I had been thinking that it was just a trend. A protracted, rather strong trend, but a trend nonetheless. But now I’m not so sure. Like them or not – and I like some – SUVs, CUVs, crossovers, 4x4s, whatever, might just be here to stay. Certainly, there’s no sign of the increase in SUV sales letting up at the moment. Perhaps the ‘after-SUV’ won’t come after all.

Only recently we've had a first drive of the Peugeot 2008, including the e-2008, and a full road test of the MG ZS EV. Next week… well, next week’s road test is the Christmas special, so a very different kind of sport utility vehicle. In the weeks after that, though, there will be yet more. But peak high-peaked cars? We’re certainly not over it.

And yet, just 18 months ago, Peugeot CEO Jean-Philippe Imparato told us Peugeot was “trying to invent the after-SUV”. Now, at the launch of the 2008 SUV, he said he thought otherwise. Now that might be because last time around he was talking during the launch of the 508 – as pragmatic a family saloon and estate as you’ll never see – and this week it was at the launch of a compact crossover, but I don’t think so.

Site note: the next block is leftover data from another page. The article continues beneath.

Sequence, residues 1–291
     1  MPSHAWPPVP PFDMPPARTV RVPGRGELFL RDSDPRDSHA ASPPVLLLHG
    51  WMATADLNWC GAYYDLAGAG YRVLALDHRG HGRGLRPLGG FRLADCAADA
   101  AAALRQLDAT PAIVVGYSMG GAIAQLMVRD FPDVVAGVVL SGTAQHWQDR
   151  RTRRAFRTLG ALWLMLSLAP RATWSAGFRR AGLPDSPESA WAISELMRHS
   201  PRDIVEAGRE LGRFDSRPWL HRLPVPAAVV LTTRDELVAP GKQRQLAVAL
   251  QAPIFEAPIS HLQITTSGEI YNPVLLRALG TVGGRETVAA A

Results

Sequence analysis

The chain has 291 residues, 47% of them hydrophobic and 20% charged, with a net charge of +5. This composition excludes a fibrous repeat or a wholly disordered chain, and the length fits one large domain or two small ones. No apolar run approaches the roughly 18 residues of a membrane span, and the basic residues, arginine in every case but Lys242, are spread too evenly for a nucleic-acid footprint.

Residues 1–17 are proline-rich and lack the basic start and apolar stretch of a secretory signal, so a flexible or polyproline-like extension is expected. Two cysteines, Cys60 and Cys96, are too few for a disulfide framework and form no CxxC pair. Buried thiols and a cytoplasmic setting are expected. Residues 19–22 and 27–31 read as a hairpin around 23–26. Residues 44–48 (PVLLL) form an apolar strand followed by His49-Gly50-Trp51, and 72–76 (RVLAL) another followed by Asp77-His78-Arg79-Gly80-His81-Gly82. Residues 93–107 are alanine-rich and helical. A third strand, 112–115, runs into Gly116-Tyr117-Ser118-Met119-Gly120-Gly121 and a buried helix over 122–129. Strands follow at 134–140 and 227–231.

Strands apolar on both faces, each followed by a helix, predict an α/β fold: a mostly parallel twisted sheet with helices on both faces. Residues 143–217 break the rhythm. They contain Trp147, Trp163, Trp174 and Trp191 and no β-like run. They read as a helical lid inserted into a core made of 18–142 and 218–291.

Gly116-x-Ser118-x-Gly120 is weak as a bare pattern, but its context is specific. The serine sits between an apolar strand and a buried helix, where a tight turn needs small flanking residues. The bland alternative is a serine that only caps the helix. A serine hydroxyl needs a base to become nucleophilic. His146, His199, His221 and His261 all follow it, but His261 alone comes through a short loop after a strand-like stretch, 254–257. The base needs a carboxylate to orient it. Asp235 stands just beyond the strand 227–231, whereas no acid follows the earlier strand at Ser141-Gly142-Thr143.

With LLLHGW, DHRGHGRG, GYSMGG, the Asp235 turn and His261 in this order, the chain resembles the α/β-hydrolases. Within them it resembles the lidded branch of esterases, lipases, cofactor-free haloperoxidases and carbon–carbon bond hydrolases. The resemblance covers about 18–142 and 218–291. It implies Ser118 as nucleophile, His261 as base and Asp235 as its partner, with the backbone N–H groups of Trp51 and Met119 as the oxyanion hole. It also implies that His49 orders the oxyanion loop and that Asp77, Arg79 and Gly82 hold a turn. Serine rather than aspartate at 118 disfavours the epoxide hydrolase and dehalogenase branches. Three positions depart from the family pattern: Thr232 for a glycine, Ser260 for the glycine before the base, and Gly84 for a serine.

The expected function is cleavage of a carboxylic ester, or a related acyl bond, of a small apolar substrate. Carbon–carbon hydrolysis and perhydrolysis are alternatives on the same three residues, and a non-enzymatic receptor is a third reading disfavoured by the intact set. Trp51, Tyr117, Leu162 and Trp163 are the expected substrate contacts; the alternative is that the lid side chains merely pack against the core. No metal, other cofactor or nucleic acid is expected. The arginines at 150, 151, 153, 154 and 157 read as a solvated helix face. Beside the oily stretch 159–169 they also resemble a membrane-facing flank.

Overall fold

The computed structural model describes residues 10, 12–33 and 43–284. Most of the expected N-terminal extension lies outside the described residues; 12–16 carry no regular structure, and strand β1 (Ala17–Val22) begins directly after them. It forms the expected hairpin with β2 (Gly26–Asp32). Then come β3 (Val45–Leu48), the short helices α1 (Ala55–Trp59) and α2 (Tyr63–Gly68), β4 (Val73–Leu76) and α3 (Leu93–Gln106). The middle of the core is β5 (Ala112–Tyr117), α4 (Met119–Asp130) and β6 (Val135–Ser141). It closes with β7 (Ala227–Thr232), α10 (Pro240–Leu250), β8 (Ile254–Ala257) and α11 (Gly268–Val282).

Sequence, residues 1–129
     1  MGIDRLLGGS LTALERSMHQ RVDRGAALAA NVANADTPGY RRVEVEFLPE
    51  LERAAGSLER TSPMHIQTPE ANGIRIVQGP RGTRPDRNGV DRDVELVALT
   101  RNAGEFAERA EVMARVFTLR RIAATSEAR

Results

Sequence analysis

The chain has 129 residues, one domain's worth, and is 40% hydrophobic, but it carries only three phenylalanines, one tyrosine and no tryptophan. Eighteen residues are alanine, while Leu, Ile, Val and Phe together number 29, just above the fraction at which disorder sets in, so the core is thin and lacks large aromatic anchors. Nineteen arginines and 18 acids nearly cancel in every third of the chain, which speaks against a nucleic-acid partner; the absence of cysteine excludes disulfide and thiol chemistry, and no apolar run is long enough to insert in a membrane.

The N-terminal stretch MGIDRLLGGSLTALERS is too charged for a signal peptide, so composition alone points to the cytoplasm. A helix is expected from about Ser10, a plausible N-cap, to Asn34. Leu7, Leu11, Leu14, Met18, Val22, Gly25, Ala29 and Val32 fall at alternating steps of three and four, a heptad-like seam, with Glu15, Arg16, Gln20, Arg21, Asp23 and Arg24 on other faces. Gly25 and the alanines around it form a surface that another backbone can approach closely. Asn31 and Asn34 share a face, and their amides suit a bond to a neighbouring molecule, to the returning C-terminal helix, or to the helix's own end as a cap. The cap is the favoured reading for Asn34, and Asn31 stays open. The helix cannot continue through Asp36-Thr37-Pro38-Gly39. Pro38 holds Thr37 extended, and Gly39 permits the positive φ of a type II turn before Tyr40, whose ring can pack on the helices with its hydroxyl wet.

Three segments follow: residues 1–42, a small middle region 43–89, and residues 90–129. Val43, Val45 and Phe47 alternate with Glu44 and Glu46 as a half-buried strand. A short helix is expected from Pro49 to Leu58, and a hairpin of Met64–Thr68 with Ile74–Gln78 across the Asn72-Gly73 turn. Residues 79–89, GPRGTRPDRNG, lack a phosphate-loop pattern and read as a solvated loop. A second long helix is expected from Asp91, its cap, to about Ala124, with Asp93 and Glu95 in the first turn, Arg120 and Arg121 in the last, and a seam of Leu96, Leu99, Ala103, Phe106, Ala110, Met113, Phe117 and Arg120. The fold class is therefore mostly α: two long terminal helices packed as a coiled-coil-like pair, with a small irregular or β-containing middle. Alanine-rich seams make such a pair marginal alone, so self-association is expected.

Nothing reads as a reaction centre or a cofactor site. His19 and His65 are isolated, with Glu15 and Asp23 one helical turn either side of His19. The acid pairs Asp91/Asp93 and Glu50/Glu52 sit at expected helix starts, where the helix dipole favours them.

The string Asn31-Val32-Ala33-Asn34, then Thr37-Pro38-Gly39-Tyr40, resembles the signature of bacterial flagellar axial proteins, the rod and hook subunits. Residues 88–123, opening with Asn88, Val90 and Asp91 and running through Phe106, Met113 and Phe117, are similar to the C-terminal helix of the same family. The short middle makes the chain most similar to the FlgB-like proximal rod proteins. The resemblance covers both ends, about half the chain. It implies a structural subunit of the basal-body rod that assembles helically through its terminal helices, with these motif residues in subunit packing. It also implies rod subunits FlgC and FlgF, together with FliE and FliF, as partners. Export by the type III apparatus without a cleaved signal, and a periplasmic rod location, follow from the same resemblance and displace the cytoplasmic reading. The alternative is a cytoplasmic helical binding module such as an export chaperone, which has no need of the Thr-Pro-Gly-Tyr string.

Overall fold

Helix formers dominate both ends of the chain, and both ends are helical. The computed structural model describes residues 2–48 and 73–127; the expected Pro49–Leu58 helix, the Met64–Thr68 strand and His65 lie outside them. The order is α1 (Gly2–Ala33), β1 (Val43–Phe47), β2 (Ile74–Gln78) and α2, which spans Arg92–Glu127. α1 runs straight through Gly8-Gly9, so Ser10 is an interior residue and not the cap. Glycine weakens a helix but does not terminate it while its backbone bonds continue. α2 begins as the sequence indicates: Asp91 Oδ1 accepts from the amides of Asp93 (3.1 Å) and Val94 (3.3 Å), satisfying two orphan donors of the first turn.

“I think [demand] will remain at this level,” Imparato says. But what of crossovers being heavier and having larger frontal areas, meaning they’re less efficient than lower cars and there being ever-stricter CO2 limits? That doesn’t matter so much, “because at the same time [as building more SUVs] we are electrifying the segment. So you don’t have to face the SUV-bashing”.

It could be that customer acceptance of electrification has shifted more quickly than Peugeot anticipated. Yes, the physics still count, and for the same battery size, an electric 208 supermini will travel 15 miles further than a 2008 crossover, but when both have zero tailpipe emissions, what does that matter?

“If you are doing your job properly, the EV version of your car will give the SUV segment the weapons to be, in the future, one of the most important segments in Europe. Outside, I don’t know. But in Europe it will be important,” Imparato says.

Clearly it isn’t just Europe. Last month, the International Energy Agency reported that there were more than 200 million SUVs in the world today, up from 35 million in 2010. They account for 40% of all cars sold at the moment, whereas that figure was less than 20% a decade ago. SUVs are responsible for all of the 3.3 million-barrels-a-day growth in oil demand for passengers cars over the past eight years.